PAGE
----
The Three Army Surgeons

Grimm, Brothers

Primary Category: Literature / Fiction

Genre: Fairy Tale

Annotated by:
Aull, Felice
  • Date of entry: Feb-22-1999


A story with several implications for the profession of medicine, this short tale concerns three itinerant surgeons who "thought they knew their art perfectly." Boasting of their surgical/curative skills, they state that they will be able to re-attach their own body parts--hand, heart, and eyes--which they propose to excise. The body parts are entrusted to an innkeeper's servant girl to be saved overnight, but instead they are eaten by a cat.

Unbeknownst to the surgeons, substitutions are made: the hand of a gallows thief, the eyes of a cat, and the heart of a pig. These the surgeons successfully re-attach to themselves. But the organs confer on the transplantees the characteristics of their original owners (thief, cat, pig). Blaming the innkeeper for their problems, they threaten to burn down his inn unless he gives them all the money he can raise. This sum allows them to live comfortably, "but they would rather have had their own rightful organs."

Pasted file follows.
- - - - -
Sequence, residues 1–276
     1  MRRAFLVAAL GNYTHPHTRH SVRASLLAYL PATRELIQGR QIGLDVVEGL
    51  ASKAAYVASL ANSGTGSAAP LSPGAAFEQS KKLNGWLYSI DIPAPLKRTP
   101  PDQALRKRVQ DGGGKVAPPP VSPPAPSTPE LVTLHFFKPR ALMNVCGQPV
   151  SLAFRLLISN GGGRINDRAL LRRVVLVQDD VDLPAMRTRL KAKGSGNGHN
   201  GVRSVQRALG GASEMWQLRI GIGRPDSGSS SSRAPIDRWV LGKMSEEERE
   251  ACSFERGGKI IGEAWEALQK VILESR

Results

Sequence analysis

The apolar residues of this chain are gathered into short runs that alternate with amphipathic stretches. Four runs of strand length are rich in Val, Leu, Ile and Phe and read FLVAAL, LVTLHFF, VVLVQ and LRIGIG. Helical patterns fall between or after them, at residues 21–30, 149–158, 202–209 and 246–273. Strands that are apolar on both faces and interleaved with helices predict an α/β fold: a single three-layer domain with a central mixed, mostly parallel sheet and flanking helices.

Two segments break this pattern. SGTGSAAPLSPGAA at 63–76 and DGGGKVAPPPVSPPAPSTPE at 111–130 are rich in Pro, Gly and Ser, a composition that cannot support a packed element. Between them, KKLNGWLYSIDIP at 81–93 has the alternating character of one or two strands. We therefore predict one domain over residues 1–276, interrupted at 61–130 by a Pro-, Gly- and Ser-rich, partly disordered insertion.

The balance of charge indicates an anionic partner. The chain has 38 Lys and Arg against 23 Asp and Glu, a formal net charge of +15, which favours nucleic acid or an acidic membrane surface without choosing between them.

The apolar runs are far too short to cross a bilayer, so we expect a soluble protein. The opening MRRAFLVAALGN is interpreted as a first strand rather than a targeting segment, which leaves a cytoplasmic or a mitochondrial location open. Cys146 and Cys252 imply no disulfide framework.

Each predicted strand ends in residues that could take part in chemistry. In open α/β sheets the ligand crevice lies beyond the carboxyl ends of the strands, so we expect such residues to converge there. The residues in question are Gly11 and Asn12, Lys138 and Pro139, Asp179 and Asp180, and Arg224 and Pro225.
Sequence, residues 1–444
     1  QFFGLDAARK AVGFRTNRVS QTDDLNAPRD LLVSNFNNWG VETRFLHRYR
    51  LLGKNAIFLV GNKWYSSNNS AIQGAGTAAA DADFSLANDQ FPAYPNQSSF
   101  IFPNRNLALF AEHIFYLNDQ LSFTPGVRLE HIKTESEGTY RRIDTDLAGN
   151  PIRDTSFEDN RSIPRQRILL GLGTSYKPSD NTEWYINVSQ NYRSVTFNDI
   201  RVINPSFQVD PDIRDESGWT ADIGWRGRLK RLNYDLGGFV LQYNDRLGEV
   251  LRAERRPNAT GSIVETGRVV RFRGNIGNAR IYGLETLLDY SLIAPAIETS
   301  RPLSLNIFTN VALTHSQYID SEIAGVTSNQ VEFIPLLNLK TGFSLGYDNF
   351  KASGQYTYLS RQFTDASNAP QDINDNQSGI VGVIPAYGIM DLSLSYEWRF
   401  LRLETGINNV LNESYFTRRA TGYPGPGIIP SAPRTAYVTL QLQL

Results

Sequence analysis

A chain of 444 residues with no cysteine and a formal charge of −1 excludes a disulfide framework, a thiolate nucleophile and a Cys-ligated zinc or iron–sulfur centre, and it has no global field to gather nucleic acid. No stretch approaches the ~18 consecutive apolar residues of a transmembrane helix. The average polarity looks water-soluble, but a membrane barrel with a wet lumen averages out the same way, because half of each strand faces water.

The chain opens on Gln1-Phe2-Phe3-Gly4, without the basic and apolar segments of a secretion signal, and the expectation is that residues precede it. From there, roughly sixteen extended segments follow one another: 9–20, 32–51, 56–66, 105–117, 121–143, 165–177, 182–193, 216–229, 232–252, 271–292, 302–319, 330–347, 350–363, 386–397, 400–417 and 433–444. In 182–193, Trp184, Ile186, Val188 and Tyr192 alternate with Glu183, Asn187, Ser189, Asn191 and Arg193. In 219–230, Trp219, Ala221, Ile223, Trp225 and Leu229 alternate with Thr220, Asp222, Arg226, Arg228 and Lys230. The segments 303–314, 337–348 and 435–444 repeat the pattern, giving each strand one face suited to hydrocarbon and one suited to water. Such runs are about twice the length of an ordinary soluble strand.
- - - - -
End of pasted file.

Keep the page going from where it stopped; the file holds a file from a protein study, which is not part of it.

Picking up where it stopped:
This fairy tale, set in writing during the first half of the 19th century, raises questions of physician hubris and the marketing of professional skills, as well as more subtle existential issues relevant to transplant surgery and organ donation. Together with this short piece it is interesting to consider Anne Sexton's poem, Doctors (see this database) and Richard Selzer's story, Whither Thou Goest (see this database).

Primary Source

The Complete Grimm's Fairy Tales



Place Published

New York



Page Count